Review of Electric Vehicle Technologies, Charging Methods, Standards and Optimization Techniques
- Charging standards as defined by the Society of the Automotive Engineers (SAE);
- EV charging systems such as on-board and off-board chargers, and
- Optimization techniques for sizing and placement of EV charging stations under different objectives and constraints.
2. Vehicle Technology
2.1. Hybrid Electric Vehicle
- Improved fuel efficiency and performance.
- Lower fuel consumption costs.
- Reduce CO2 emission.
- Recovery of some energy via regenerative braking.
- Use of an existing fuel station.
- The disadvantage is a higher initial cost due to the battery.
- Start and Low to Mid-range Speeds: During low to mid-range speeds or at the vehicle’s starting, the engine stops, and the vehicle is propelled by the motor alone.
- Driving Under Normal Conditions: The power split device sends some power to run the generator and the rest of the power to drive the wheels directly. If there is excessive power, then it’s used to charge the battery.
- Sudden Acceleration: Both the battery and engine provide power during sudden acceleration.
- Deceleration: The regenerative braking system converts the kinetic energy into electrical energy that is stored in the high-performance battery.
2.2. Electric Vehicle (EV)
- All times: Whenever the vehicle needs to move, the battery propels the vehicle.
- Deceleration or Braking: When the vehicle decelerates or brakes, the vehicle recaptures the kinetic energy into the battery using regenerative technology.
2.3. Fuel Cell Electric Vehicle (FCEV)
- Fuel Cell Electric Vehicle.
- Fuel Cell Hybrid Electric Vehicle (FCHEV).
3. EV Charging Methods
3.1. Battery Swap Station (BSS)
3.2. Wireless Power Transfer (WPT)
3.3. Conductive Charging (CC)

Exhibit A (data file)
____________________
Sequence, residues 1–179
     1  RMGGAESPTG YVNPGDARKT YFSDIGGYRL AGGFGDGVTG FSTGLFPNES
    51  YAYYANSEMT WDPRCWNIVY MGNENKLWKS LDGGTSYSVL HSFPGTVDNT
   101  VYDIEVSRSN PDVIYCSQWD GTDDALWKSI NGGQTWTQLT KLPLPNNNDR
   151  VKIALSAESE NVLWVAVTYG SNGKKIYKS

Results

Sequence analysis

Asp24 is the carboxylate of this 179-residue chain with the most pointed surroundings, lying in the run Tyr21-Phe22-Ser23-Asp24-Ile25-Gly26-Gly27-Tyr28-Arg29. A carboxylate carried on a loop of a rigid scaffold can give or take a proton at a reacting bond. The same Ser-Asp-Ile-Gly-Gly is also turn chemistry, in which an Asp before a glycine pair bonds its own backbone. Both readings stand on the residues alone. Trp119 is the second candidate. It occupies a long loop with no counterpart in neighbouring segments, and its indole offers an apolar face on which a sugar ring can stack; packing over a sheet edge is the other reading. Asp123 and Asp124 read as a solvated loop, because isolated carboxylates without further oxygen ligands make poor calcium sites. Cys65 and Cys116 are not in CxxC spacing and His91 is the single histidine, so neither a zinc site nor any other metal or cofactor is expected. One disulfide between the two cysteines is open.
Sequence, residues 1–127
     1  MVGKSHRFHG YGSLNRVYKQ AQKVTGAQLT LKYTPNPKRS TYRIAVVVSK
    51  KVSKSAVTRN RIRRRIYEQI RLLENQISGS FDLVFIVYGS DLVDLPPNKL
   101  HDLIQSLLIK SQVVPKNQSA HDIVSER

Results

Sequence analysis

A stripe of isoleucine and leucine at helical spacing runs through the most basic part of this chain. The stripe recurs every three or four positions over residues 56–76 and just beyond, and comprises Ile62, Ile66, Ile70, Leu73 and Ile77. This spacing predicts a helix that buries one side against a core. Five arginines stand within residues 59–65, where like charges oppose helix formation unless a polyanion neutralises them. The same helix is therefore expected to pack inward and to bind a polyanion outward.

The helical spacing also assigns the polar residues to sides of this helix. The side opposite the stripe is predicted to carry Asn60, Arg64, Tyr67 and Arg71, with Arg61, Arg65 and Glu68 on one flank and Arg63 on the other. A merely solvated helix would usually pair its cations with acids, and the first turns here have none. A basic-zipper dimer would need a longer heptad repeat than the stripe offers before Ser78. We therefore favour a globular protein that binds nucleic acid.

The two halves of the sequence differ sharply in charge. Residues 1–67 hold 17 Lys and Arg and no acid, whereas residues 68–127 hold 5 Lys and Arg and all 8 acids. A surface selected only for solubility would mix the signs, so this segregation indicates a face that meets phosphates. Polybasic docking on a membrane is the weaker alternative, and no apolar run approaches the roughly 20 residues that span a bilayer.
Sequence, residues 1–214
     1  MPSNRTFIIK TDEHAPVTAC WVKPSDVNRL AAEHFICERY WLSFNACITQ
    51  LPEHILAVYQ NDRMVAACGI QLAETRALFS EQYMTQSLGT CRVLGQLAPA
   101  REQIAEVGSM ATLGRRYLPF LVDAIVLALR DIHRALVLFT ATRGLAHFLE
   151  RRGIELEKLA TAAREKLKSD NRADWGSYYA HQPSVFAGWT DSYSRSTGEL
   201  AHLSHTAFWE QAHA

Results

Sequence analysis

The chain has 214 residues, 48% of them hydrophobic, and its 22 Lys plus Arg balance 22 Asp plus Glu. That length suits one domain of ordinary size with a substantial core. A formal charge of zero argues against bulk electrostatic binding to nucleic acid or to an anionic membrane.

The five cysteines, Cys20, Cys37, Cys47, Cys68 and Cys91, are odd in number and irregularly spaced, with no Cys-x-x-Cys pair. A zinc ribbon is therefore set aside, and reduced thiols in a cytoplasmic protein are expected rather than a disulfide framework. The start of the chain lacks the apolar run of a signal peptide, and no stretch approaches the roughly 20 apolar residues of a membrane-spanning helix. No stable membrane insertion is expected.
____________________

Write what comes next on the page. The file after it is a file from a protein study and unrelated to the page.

- Top-down Pantograph: The charging setup is mounted on the roof of the bus stop therefore it is commonly known as an off-board top-down pantograph. This method provides high power direct current which is already demonstrated in Singapore, Germany, and the U.S. .
- Bottom-up Pantograph: This type of charging method is suitable for those applications where the charging equipment is already installed in the bus. This is also known as an on-board bottom-up pantograph .
4. Review of EV Charging Configurations, and Standards
4.1. EV Charging Configurations
4.2. EV Charging Standards
5. Optimization Techniques
5.2. Total Loss
5.3. Maximize the Profit
6.1. Energy Source
- Diesel Generator.
- EV Fleet (for V2G purpose).
6.2. Optimization Method and Objectives
- Mixed-integer linear programming.
- Mixed-integer programming.
- Second-order conic programming (Convex Optimization).
- Markov chain Monte Carlo simulation.
- Particle swarm optimization and Voronoi diagram.
- Simulated annealing approach.
- Quadratic programming.
- Standard linear programming with the root-mean-square objective function.
6.3. Services and Test System
- Vehicle to Grid.
- Grid to Vehicle.
- Parking lot to grid.
- Parking lot to Vehicle.
6.4. Future Research Recommendations